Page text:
Risk of suicide attempt in reserve versus active component soldiers during deployment to the wars in Iraq and Afghanistan

Suicide Life Threat Behav. 2022 Feb;52(1):24-36. doi: 10.1111/sltb.12770. Epub 2021 May 25.


Introduction: Little is known about the degree to which U.S. Army soldiers in the Reserve Components (Army National Guard and Army Reserve) and Active Component (Regular Army) differ with respect suicide attempt (SA) risk during high-stress times, such as deployment.

Method: Using administrative person-month records of enlisted soldiers on active duty during 2004-2009, we identified 1170 soldiers with a medically documented SA during deployment and an equal-probability control sample of other deployed soldiers (n = 52,828 person-months). Logistic regression analyses examined the association of Army component (Guard/Reserve vs. Regular) with SA before and after adjusting for socio-demographic and service-related predictors.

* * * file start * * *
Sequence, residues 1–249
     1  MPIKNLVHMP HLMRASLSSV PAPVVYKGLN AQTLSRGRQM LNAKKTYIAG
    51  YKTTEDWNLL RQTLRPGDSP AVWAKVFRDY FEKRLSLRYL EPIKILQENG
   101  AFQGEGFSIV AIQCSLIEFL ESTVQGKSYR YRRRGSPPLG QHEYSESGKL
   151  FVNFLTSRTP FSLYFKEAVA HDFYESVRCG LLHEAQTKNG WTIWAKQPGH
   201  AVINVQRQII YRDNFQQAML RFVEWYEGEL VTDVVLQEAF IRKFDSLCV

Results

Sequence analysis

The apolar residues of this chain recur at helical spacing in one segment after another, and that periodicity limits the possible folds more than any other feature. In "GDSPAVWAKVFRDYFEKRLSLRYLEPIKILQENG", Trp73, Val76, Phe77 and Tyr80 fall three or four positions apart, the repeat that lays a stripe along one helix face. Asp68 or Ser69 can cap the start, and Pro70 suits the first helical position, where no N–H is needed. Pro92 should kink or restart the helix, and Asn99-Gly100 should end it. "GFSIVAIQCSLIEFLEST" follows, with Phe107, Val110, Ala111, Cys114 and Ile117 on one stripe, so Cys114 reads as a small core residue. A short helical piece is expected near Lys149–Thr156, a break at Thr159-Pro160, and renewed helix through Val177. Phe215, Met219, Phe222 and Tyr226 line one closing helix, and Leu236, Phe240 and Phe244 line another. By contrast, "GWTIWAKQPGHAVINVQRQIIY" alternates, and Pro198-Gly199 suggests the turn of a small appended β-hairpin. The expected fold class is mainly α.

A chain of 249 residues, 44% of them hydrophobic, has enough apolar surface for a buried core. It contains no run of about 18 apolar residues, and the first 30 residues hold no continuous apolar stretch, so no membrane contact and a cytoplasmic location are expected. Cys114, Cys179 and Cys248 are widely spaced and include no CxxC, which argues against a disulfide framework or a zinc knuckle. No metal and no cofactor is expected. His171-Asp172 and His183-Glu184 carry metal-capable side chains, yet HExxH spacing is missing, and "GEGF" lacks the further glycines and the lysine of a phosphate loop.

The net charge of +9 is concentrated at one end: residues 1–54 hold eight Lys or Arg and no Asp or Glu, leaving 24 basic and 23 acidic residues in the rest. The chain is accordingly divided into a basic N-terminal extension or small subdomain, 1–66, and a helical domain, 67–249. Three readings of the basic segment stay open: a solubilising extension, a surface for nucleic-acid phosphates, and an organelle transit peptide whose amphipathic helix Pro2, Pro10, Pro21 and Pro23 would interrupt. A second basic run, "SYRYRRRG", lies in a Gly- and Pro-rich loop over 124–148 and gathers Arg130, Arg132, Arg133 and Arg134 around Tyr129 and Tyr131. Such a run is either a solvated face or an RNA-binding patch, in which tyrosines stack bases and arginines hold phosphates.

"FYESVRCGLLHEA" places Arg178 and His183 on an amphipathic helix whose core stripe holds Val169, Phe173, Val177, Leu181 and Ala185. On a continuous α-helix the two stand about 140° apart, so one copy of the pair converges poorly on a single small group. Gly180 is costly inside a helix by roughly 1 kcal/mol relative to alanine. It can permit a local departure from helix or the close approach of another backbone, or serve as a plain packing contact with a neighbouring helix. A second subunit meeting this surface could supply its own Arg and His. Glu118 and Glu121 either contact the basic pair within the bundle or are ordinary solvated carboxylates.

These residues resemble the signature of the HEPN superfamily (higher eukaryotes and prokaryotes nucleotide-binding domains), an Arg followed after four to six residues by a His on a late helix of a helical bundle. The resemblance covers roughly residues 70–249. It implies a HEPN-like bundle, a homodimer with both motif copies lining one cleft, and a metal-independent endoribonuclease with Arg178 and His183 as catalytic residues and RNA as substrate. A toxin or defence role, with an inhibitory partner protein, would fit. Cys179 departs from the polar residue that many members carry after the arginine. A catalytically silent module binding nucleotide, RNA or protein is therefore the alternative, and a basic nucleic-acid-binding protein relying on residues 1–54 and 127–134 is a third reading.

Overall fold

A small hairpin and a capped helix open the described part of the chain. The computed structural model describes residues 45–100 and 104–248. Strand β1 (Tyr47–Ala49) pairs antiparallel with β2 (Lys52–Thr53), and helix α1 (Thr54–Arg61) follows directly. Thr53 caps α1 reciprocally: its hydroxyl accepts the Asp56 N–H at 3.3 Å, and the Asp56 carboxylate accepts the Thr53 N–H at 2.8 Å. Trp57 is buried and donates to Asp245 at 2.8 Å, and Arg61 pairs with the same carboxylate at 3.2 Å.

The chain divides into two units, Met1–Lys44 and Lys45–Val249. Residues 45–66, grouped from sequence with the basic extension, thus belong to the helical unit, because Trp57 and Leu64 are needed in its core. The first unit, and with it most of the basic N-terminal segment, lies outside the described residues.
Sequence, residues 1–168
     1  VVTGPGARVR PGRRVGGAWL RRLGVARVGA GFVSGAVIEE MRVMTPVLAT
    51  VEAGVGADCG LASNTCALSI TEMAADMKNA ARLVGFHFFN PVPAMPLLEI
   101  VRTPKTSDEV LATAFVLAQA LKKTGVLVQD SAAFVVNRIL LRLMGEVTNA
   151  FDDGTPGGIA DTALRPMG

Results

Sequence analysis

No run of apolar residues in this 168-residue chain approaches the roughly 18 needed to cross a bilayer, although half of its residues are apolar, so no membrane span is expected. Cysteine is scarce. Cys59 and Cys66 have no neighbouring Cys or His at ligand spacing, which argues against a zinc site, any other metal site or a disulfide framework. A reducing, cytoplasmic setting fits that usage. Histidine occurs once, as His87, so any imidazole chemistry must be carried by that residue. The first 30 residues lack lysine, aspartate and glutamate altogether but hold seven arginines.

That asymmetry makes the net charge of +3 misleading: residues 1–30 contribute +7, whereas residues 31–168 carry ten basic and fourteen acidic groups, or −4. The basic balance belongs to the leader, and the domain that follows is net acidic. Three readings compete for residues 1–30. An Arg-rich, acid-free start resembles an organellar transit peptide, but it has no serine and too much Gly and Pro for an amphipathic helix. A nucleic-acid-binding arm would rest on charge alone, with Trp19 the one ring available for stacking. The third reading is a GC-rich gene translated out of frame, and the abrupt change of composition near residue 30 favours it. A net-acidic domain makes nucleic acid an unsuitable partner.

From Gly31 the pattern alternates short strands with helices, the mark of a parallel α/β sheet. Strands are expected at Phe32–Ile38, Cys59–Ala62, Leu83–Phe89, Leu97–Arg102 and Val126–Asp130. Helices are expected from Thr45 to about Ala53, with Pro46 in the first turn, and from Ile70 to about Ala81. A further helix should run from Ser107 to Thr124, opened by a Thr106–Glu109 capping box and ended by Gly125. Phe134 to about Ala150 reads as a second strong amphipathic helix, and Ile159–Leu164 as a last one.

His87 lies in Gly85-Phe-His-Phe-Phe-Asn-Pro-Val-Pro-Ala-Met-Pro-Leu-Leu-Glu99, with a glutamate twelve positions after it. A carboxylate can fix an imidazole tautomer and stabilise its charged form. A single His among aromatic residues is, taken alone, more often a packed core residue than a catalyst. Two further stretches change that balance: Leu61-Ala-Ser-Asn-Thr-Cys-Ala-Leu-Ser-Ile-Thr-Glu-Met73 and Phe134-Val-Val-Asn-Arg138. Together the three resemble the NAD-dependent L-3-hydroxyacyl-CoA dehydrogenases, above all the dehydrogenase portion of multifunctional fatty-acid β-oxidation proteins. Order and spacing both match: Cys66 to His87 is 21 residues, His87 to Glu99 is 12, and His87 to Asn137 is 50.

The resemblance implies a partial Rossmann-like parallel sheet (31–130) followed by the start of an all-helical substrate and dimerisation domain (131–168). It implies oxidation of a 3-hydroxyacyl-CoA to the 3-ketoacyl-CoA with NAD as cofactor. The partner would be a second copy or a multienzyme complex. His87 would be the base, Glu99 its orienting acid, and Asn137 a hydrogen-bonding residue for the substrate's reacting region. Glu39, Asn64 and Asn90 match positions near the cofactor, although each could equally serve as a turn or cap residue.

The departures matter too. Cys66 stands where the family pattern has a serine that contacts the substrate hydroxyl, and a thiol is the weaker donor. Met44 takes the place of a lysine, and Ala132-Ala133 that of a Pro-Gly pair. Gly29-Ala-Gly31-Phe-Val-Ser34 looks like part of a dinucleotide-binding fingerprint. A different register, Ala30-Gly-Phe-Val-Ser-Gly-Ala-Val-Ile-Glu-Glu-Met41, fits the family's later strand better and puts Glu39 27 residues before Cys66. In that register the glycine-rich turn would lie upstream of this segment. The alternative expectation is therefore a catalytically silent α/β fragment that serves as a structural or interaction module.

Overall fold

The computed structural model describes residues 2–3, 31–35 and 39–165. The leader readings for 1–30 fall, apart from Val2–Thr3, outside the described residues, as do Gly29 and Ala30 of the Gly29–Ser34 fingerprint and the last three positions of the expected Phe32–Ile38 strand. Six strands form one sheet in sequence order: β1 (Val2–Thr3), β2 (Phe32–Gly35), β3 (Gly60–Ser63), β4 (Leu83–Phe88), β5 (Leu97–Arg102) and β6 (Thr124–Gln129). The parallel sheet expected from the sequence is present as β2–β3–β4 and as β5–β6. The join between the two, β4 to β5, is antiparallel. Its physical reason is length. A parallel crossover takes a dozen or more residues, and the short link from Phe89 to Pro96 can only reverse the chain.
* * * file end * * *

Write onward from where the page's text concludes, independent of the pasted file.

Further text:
Results: Guard/Reserve comprised 32.1% of enlisted soldiers and 19.7% of suicide attempters in-theater, with a SA rate of 81/100,000 person-years (vs. 157/100,000 person-years among Regular; rate ratio = 0.5 [95% CI = 0.5-0.6]). Risk peaked near mid-deployment for both groups but was consistently lower for Guard/Reserve throughout deployment. Guard/Reserve had lower odds of SA after adjusting for covariates (OR = 0.7 [95%CI = 0.6-0.8]). Predictors of SA were similar between components.

Conclusions: Guard/Reserve and Regular soldiers had similar patterns and predictors of SA during deployment, but Guard/Reserve had lower risk even after controlling for important risk factors. Additional research is needed to understand the lower SA risk among Guard/Reserve in-theater.

Publication types

  • Research Support, N.I.H., Extramural
  • Research Support, U.S. Gov't, Non-P.H.S.

MeSH terms

  • Afghan Campaign 2001-
  • Afghanistan
  • Humans
  • Iraq
  • Iraq War, 2003-2011
  • Military Personnel*
  • Risk Factors
  • Suicide, Attempted*
  • United States / epidemiology